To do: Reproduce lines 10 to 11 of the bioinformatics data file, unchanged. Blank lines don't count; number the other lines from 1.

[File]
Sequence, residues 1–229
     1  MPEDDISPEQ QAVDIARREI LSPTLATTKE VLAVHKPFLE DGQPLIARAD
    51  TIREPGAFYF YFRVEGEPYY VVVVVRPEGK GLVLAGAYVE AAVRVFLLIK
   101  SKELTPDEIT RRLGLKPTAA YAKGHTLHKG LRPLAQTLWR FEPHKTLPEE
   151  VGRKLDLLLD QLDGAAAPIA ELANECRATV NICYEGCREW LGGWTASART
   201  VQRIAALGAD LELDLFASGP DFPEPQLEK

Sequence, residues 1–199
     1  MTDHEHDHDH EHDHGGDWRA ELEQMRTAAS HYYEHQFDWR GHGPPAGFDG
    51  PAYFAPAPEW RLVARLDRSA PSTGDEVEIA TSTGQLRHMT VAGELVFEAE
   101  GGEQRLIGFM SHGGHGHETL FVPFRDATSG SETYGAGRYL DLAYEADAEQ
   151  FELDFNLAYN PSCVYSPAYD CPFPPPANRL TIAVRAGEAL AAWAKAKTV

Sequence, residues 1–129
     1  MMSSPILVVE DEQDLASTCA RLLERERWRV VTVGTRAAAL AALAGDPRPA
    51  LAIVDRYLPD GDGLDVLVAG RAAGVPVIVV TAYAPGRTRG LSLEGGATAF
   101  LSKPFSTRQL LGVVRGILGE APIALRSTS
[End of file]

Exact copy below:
   101  GGEQRLIGFM SHGGHGHETL FVPFRDATSG SETYGAGRYL DLAYEADAEQ
   151  FELDFNLAYN PSCVYSPAYD CPFPPPANRL TIAVRAGEAL AAWAKAKTV